By John J. Beall
As a medical professional, you are probably not new to the phrase “process improvement.” In your own organization you have probably participated in a process improvement project, and hopefully the experience was rewarding and allowed you to replicate it within your own area of responsibility. Do you remember what process you used? Maybe a variation Deming’s FOCUS-PDCA (Plan-Do-Check-Act)? Or maybe you were lucky enough to have a certified Lean Six Sigma Green Belt or Black Belt in your organization that helped guide your project through the DMAIC (Define, Measure, Analyze, Improve and Control) process? Either way, once you were done with the process did you feel that it only solved for large problems and that there wasn’t any use in going through all of these steps to try and get the quick fixes done? Well, you are not alone; this same thing happened to the US Army and the Medical Command (MEDCOM).
In 2006, the Department of Defense was mandated by Congress to implement some form of a Continuous Process Improvement (CPI) program. The Army and Navy decided on Lean Six Sigma, and the Air Force chose the Air Force Smart Operations (AFSO) 21 (Lean). In 2015, the Army identified that it had spent years emphasizing the use of Lean Six Sigma projects for complex problems but that they were missing the widespread use of Lean tools for everyday improvement. Incidentally, the Air Force found that they needed to start using Lean Six Sigma in their systems.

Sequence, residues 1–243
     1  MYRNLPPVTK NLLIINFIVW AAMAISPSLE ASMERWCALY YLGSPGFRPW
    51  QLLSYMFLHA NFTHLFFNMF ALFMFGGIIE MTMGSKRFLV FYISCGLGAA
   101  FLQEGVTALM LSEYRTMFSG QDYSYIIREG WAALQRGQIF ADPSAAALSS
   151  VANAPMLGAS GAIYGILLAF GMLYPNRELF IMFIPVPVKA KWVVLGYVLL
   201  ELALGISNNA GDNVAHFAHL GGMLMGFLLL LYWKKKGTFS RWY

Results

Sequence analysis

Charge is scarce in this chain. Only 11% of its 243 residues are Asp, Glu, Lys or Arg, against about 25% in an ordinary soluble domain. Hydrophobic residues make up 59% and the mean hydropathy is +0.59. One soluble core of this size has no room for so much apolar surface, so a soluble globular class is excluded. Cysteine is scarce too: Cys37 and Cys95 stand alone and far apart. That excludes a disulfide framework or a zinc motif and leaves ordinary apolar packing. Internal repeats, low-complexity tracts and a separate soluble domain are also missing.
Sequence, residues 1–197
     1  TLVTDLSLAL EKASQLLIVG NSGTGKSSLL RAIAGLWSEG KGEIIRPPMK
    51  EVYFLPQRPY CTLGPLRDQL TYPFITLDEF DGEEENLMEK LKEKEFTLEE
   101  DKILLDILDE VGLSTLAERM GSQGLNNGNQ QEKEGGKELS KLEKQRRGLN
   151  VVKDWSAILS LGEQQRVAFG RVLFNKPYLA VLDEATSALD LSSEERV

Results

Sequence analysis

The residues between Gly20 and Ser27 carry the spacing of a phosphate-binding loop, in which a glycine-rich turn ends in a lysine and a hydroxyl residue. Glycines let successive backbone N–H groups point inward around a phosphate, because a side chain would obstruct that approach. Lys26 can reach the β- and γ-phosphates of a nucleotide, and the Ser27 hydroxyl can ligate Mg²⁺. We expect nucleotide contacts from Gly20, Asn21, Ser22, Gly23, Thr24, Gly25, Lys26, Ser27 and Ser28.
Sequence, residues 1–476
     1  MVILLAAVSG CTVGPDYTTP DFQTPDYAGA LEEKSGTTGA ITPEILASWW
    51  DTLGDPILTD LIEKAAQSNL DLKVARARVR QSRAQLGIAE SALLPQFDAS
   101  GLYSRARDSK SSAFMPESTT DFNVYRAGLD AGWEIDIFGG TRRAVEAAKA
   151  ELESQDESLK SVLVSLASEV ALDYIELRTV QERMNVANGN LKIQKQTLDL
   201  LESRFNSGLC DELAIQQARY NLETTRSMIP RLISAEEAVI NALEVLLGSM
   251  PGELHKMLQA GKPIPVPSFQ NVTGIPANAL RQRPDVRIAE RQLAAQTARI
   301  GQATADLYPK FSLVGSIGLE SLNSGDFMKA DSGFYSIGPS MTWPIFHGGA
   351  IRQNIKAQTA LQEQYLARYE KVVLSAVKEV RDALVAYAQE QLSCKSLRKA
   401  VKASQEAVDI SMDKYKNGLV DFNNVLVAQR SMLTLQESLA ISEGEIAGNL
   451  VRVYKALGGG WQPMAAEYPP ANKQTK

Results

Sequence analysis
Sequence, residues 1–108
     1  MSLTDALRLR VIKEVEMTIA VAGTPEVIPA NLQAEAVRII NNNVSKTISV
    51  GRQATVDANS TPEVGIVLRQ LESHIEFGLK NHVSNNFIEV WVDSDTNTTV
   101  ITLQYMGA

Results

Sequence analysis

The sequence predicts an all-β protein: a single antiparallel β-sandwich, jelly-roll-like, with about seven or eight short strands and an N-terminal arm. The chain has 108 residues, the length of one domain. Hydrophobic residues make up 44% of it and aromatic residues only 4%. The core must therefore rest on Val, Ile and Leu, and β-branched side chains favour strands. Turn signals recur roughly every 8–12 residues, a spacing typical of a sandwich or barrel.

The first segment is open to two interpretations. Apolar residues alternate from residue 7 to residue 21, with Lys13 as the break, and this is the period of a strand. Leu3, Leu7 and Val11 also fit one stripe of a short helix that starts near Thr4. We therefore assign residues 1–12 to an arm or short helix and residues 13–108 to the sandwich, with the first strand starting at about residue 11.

We solved this by implementing the Eight Step Problem Solving Process (1. Clarify the Problem; 2. Break Down the Problem; 3. Set the Target; 4. Analyze the Root Cause; 5. Develop Countermeasures; 6. Implement Countermeasures; 7. Monitor Results and Process; 8. Standardize and Share Success) and the A3 Problem Solving Template into what we call the “Lean Leader Course.” We were so successful in implementing this that we increased from 5 classes in 2015 to 26 courses offered in 2016. In April 2017, Headquarters Department of the Army Office of the Business Transformation elevated the course to an Army-wide certification program.
During my session at the AHRA Spring Conference I hope that you will learn a little about the A3 problem-solving process, which was first used by Toyota, and how A3 problem-solving fits into organizations that are on their journey to becoming a High Reliability Organization. I will show you how Army Medicine has started using A3 to complement their process improvement program and created the Lean Leader Course. You will also come out of the session with another tool for your “Process Improvement Toolkit” as we will discuss and demonstrate the link between A3 Thinking, Lean Six Sigma, and PDCA. Lastly, the attendees will break up into groups and receive scenarios and try to employ the A3 problem-solving that they just received.
To learn more about A3 Thinking and problem solving while participating in some practical exercises please join me on Friday, March 23rd from 3:15- 4:15PM at the AHRA Spring Conference for my session, “Introduction to Robust Process Improvement Through A3 Thinking.” I look forward to seeing you there!
John J. Beall is the Deputy Commander Patient Support Services Senior Clinical NCO (Asst VP) at Madigan Army Medical Center in Tacoma, WA. He can be reached at email@example.com.